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Fairness, Sameness Not Equal in Property Tax

May 05, 1991

The letter about "Unfair Assessments" from Ray Ackerman (April 21), who claims that in order for property taxes to be fair "each and every homeowner should pay . . . in accordance with the current value of the property," shows that the writer just doesn't get it. What does he want? To buy a house and then see taxes go up every year based on reassessment?

"Fairness" is not necessarily equal to "sameness." One of the reasons for Proposition 13 was the ever-increasing escalation of property assessments, throwing off the financial planning of those on fixed incomes who thought they were protected by the solid value of a fixed asset, but who were at the mercy of market forces beyond their control. Despite owning their own homes, many people did not have enough cash flow to cover increases in their wealth that existed only on paper.

There are many ways in which fairness does not equal sameness. Two homeowners living in identical houses next door to each other may have different interest rates and different monthly payments, just because of when they bought and how they financed. One may pay a high payment, and the other none at all.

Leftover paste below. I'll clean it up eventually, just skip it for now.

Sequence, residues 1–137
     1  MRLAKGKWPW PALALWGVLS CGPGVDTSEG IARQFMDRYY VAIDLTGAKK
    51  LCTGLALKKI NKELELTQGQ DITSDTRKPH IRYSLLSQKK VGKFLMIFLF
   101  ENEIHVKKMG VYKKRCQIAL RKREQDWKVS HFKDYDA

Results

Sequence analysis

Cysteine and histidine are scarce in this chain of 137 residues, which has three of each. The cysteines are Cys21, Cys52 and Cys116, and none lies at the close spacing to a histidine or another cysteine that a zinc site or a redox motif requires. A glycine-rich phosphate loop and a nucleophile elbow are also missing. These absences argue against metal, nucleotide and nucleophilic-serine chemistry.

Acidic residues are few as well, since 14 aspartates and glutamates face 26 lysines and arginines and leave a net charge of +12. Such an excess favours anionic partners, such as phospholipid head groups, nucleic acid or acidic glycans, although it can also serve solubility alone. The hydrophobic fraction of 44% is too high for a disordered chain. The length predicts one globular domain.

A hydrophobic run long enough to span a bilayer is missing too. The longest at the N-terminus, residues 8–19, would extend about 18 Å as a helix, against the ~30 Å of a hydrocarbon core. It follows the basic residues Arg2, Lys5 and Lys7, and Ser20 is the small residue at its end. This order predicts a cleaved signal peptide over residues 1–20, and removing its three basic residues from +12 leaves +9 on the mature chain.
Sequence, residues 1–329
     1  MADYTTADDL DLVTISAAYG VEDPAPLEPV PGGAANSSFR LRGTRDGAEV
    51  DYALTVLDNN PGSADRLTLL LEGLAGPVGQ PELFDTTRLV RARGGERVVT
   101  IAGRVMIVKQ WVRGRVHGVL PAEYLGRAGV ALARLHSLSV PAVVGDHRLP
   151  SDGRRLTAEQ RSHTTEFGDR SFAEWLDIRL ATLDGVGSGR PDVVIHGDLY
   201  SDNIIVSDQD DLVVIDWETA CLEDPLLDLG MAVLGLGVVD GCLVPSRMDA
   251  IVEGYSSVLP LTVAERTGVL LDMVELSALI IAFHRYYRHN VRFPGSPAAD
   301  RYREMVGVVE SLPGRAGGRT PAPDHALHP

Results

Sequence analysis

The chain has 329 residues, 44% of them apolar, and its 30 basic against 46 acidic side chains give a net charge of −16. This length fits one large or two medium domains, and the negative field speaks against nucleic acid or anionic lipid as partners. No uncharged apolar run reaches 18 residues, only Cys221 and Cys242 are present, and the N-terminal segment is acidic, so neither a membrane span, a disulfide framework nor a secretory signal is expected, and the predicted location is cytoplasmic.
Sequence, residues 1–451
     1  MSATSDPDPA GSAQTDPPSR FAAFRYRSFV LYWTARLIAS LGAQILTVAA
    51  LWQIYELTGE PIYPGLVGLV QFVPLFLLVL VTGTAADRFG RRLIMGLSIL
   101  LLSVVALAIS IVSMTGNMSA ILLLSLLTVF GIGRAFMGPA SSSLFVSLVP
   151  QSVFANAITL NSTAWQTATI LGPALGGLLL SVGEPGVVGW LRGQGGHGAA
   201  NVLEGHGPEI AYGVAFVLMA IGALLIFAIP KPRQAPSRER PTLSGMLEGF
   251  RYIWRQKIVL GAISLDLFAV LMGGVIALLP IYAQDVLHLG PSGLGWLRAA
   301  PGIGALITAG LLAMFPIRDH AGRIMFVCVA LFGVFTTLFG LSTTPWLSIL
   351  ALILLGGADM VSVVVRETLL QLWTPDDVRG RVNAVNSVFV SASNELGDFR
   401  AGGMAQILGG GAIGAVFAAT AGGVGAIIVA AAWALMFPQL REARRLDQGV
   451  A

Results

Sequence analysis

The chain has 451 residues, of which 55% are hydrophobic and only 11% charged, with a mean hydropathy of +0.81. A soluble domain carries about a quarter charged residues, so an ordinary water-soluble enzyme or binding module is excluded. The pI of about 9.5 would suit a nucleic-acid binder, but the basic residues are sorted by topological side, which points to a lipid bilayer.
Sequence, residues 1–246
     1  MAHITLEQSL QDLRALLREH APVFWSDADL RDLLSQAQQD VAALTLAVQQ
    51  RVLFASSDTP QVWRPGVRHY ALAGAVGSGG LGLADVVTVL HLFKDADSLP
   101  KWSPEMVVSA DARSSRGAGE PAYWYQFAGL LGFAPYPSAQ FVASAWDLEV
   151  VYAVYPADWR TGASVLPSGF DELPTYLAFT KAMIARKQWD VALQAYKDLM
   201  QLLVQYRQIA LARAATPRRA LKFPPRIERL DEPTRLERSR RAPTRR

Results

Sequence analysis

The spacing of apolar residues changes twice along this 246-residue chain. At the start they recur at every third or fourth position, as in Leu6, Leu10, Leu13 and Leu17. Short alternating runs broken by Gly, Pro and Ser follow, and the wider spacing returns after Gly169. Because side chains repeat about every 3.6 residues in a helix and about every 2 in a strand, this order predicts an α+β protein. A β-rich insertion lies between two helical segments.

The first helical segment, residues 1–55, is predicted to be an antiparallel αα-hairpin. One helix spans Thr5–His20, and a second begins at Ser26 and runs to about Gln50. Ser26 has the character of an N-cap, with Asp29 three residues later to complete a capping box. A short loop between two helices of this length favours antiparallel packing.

The real fairness is in establishing predictability and stability at the time an agreement is made, based on conditions that are known and agreed to at that time. It is equality of opportunity, not of results. In the case of property assessments, the only objective criterion is the last sale price.

Lest Mr. Ackerman suspect that I am a longtime holder of real estate who benefits from his "unfairness," rest assured that I am a first-time home buyer with escrow to close very soon on a "starter" home. At least for now, I will be paying taxes much higher than my neighbors. But it is a fixed, predictable amount known and agreed to.

DOUGLAS DUNN

Sherman Oaks

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